The very idea of taking a non-drug affiliated misdemeanor offender and injecting them into a violent and dangerous sub-culture of dealers and users is simply unconscionable. People get killed over this crap...KILLED!!!

The language I would need to use to properly dress down this officer, his Chief and the Attica Town Board isn't allowed on this site, so let me say this:

Officer Graham and Chief Smith, your department is has made a mockery of itself and its mission. Turn in your badges and go to work somewhere where it's impossible for you to do any more damage to your community. I could be persuaded recommend you for a toilet scrubbing job in the fast food industry if you ask nicely.

To the Attica Town Board:

Government exists to protect its citizens. By allowing your Keystone Cops to put non-violent offenders in harm's way, you have failed in your appointed task and your entire legislative body should be saddened at the loss of its dignity. Retire in shame, you disgust me.

Nov 18, 2009, 2:10pm Permalink
Chris Charvella

Bruce, I don't blame you for having doubts, but if you read about the other recent occurence involving a young man who was enlisting in the military you'll probably start to see teh pattern here.

I have a real concern that there are other citizens with overdue traffic tickets who are too deeply involved in this compulsory snitching fiasco that they can't come out with it for fear of their safety.

If someone gets hurt because of this there's going to be hell to pay.

Nov 18, 2009, 2:22pm Permalink
Bruce Wiseley

Hey Chris, Like I stated before, if this is the whole and complete story, than they should be ashamed. Maybe these small town cops have been watching too much TV, but my radar was still alarmed when I read that the only info was coming from the kids involved, and the attorney Father. Hopefully we get the accurate story, but I doubt it. Between the "Main-stream Media", a lawyer, and the police, there will be enough BS to go around!?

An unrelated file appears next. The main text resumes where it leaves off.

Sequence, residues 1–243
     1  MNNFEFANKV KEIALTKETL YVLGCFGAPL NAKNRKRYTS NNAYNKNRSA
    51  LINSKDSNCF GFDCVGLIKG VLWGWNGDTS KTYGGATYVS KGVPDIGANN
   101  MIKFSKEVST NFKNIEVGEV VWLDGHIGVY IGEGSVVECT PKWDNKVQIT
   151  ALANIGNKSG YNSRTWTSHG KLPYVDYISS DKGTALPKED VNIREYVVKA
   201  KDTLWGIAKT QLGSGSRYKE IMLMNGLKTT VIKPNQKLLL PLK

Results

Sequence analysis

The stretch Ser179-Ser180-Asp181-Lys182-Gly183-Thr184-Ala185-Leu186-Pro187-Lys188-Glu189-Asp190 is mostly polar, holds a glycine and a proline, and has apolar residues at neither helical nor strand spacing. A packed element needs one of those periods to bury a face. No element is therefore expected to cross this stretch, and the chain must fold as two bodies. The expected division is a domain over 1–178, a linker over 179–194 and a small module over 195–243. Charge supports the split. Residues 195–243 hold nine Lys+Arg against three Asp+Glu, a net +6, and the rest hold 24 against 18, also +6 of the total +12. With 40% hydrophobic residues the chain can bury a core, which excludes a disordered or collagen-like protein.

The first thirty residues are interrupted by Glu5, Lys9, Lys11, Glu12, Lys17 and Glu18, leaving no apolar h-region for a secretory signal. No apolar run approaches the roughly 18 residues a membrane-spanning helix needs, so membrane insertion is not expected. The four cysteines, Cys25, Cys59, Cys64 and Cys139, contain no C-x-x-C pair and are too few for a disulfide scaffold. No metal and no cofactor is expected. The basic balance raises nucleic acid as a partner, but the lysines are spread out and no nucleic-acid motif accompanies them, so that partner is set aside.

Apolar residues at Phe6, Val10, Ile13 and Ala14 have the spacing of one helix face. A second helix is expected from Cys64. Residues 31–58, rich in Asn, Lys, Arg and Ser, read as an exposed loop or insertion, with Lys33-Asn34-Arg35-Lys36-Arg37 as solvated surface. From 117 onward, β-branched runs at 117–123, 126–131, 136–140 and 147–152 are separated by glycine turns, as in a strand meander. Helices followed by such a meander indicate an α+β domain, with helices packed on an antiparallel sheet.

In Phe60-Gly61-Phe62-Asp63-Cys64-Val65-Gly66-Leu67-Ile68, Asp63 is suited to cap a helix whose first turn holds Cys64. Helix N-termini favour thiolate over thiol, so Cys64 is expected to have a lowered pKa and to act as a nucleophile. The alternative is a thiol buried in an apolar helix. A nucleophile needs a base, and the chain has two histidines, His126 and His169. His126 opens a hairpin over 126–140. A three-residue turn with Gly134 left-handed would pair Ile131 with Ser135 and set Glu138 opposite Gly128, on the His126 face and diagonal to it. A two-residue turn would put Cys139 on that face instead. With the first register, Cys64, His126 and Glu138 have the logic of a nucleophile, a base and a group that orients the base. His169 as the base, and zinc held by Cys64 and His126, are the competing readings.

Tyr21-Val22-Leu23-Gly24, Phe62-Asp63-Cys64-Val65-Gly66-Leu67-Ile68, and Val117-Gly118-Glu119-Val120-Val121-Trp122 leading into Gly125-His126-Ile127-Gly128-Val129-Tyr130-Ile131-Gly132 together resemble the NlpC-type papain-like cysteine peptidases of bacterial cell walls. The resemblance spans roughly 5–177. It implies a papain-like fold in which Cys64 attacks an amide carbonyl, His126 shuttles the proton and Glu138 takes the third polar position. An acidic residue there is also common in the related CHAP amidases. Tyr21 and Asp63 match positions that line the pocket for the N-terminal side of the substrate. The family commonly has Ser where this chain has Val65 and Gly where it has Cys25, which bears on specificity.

Nov 18, 2009, 4:21pm Permalink
Dave Olsen

I read in The Buffalo News when this first came out that the chief is a retired Buffalo Police officer and is employing tactics he learned there.

Nov 18, 2009, 4:47pm Permalink
Howard B. Owens

Bruce, it's not like the Attica Police are in full denial mode. There is plenty of leeway in open records laws and such to fully explain themselves and even deny it and show why the accusations are false. This has been in the news a week now and I don't see the chief falling all over himself to cast any sort of doubt on the story. So what doesn't smell right is the scent of the PD not proclaiming the story to be false.

Nov 18, 2009, 6:33pm Permalink
Bruce Wiseley

I think that the Attica Police have stepped on their collective ..., and now they are tap dancing. Thanks guys for the feed-back.

Nov 19, 2009, 8:55am Permalink
Bob Harker

You compounded the GCC student's dilemma 10 fold when you published her name. What the hell were you thinking?!?!?! I'm a full time student at GCC (at 54 years old) and everybody is talking.

You did a disservice to this young lady. You did a disservice to this community. You did a disservice to journalism. And you severely harmed your reputation and your endeavour to publish news as opposed to being a gossip column. The Batavian is already being referred to as a blog.

Yes, the gossip abounds at GCC due to your article. At the same time, we are "circling the wagons".

I think a public apology by you is not just appropriate, but neccesary.

Given the fact that this young lady's father is an attorney, you may very well risk more than my lowered opinion of your journalistic abilities.

Bob Harker

Nov 19, 2009, 3:54pm Permalink
Rita Kautz

I am hoping this comment area will remain accessible through tomorrow when I will have time to comment on the police problem in Attica. There is an entire "other" scene besides drug chasing. We have a great police department when it comes to service to accident victims, elderly medical patients, ambulance and fire service etc. BUT: as for being stopped for "traffic violatons", it's a whole 'nother world over here. The traffic stops lead to other events. I am clueless as to what Bob Harker is talking about. The Batavian merely commented on what had already been exposed by journalists in the Buffalo News for 2 successive Sundays (front page) plus an editorial last week. The links included in the Batavian's article took you to what had already been published. The Batavian's journalistic abilities are just fine. I hope they will print what was said by Bianca Hervey at the Attica Village board meeting last night. We need more exposure of this problem in this village.
KaitlynK, Attica, NY

Nov 19, 2009, 4:17pm Permalink
Howard B. Owens

Bob Harker also e-mailed me. Here's my reply to him:

Bob, I can only guess that you're talking about the story involving Bianca Hervey.

You'll note that I got the story from the Buffalo News, which reported her name and her dad's name and the fact that she used to live in Batavia and is a student at GCC. The Buffalo News reported that first. Not once, but three times, and twice with a picture of her and her father.